It's finally gotten hot in the Netherlands, by which I mean, "I occasionally break a sweat when running around while wearing jeans." Summers in the Netherlands are mild, generally, and so the full power of the following drink is probably lost here. Nevertheless, it is delicious, refreshing, and you can make it as healthy or unhealthy as you'd like.

Basil Lemonade

~ 1 C of basil leaves, chopped fine
Sugar (at least 1/2 C is recommended)
3-4 lemons
Cold water
A refrigerator
A few hours

Mix the chopped basil leaves with the sugar, bruising the leaves.

Squeeze the juice out of the lemons. If you're using one of those citrus juicers that can cut into the rind, make sure you don't cut into the pith.

Mix the sugar/basil mix with the lemon juice. Let it sit for ~10 minutes. This allows the essence of the basil to be captured by the acid of the lemon juice. It goes without saying that you should not let this sit in an aluminum bowl. Use glass or ceramic. A cereal bowl works really well.

Seive the sugar/lemon juice/basil mix into the pitcher. Pour water through the sieve to fill up the pitcher. Chill. Drink.

Makes ~1 qt.

Wednesday, June 10, 2009

Meet Virginia

Some time ago I heard the astounding statistic that every DAY in Brazil, an area the size of Virginia was being cleared of trees. Virginia is not Texas, to be sure, but it's still an entire state and of course I was outraged and probably wrote a letter to the mayor or something (it was that long ago).

Of course, what I failed to appreciate at that time was that Brazil is big. Very big. You could probably cram two thousand Virginias into it. Although it doesn't ameliorate the budding panic I feel every time I think of a massive tree getting sawn down (I don't mean to be overly sentimental, but it doesn't take a math genius to figure out that if you're cutting down huge trees much faster than they can grow soon you won't have any huge trees, or any trees at all--just ask the Easter Islanders) for the sake of making a cabinet, or someone's slash-and-burn field, it does make the cavalier attitude about the rain forest a little easier to understand: if you're in the jungle, it's massive. During the right seasons, you can stand on one bank of the Amazon, and not see the other side. We see the rainforest as a precious resource. To the folks who live there, it's something that gets in the way of making a living.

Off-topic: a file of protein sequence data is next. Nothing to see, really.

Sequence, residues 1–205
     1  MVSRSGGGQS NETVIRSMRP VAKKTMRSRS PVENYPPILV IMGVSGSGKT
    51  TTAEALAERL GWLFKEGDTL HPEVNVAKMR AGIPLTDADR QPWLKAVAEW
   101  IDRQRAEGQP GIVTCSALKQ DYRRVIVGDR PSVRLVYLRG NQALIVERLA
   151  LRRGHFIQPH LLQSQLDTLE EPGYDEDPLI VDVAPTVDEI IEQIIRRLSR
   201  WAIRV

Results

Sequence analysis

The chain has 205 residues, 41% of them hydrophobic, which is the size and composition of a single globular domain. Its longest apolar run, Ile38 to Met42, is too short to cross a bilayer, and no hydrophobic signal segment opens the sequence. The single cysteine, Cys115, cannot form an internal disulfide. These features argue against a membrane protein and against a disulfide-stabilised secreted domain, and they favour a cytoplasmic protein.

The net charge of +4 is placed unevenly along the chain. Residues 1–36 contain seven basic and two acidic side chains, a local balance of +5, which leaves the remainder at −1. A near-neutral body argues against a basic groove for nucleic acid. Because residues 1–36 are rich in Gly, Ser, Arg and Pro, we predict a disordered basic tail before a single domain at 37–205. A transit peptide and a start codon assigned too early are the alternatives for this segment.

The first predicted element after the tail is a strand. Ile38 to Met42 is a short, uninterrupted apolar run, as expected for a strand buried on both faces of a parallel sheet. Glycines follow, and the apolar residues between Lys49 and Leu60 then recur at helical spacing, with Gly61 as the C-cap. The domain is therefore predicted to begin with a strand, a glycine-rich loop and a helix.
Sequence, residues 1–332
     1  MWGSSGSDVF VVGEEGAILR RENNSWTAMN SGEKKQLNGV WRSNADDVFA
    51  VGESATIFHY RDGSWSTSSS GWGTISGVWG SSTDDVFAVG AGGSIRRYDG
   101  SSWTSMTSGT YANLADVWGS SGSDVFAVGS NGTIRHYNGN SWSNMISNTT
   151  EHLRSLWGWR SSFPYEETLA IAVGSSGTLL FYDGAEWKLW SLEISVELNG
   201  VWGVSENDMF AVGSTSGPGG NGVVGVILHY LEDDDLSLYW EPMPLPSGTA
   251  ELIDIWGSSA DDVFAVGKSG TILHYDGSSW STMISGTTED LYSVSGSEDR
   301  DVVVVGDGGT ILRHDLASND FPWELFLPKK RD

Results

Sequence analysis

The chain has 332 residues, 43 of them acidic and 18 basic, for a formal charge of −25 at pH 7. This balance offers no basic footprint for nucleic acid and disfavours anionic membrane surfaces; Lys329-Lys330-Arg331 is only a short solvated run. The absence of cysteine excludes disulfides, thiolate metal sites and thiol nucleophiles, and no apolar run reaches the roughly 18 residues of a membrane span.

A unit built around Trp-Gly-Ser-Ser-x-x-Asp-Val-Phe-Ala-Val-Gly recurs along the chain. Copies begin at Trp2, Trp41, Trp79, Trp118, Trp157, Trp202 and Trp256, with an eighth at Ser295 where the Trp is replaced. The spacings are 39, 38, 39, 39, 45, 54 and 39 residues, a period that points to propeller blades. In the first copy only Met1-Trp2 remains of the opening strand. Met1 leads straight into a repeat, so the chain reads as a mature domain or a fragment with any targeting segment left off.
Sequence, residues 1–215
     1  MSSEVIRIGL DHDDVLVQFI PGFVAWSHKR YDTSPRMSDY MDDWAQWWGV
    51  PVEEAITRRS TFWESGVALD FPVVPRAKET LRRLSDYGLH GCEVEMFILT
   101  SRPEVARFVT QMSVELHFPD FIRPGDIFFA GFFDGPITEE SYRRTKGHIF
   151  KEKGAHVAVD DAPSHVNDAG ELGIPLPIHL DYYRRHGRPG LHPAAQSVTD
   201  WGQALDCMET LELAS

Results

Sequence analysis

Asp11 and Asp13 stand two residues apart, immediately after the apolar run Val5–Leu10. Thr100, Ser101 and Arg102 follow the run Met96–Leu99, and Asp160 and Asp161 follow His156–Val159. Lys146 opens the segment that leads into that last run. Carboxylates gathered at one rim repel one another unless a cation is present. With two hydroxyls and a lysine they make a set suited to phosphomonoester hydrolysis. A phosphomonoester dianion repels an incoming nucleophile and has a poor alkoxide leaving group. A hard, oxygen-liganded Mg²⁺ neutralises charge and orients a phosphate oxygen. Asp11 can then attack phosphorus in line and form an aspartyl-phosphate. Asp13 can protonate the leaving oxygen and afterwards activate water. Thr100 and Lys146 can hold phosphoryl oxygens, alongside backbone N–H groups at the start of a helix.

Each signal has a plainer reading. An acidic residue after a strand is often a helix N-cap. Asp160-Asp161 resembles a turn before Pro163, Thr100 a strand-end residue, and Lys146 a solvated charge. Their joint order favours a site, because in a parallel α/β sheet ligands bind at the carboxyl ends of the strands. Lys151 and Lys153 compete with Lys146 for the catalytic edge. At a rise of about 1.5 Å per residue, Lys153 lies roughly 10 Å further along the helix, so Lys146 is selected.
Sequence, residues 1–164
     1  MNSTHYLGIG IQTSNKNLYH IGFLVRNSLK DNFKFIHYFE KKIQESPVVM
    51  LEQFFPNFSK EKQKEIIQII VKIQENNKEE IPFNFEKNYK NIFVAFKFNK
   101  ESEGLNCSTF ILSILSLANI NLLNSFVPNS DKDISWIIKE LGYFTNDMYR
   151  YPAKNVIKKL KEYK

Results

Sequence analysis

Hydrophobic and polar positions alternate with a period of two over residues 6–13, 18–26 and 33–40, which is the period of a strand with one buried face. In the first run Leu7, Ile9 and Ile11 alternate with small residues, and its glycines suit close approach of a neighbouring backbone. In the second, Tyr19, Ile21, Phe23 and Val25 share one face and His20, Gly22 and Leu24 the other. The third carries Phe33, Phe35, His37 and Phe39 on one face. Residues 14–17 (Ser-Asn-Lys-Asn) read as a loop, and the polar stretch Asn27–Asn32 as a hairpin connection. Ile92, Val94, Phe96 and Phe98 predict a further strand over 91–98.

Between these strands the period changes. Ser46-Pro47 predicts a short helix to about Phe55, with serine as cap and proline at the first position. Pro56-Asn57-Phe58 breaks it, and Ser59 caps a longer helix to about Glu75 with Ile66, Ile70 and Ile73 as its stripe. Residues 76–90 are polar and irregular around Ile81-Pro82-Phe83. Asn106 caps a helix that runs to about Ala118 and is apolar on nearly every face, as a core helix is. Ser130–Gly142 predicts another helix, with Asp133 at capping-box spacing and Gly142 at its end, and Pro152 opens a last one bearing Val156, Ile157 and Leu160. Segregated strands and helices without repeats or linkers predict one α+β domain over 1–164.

Two factors mitigate the difficulty of preservation efforts. First is a vacuum of land use laws concerning the jungle, and second is poverty. According to the latest issue of The Economist, the jungle is taken over on a first-come, first-served basis. Stake your claim, shoot those who contest it, and when you've finished with it, sell to the highest bidder.

The solution seems simple--a bigger carrot. Commercialization of products derived from the rain forest, eco-tourism, and flat-out bribery (technically it's known as "subsidization for not cutting down trees") are all incentives to leave the forest be.

Well, maybe not. Eco-tourism, for instance, requires you to go into the forest with your group of tourists, show them around a bit, and then get them back out. Getting, say, exotic nuts or plants from the forest requires the same thing. Bribery--well, that works. The first two require roads. But it's been shown that roadways into the jungle are potentially more devastating than just cutting down a swath of trees.

But none of this will matter without Brazilian law extending its reach. Carrots are all very well and good, but without a suitable stick, there won't be enough incentive for people to change. Free market theory suggests that this will never work. The government, corrupt as it is (or will be, once enough money is involved) will somehow endeavor to screw it up.

I'm not sure I buy the idea that the best way to go about fixing the economy is necessarily to give people a stake in keeping the environment intact. People are notoriously bad at making decisions that involve delayed gratification (witness the credit crunch) and investment, and that is doubly true when there's no obvious benefit--for them--to keep the trees alive.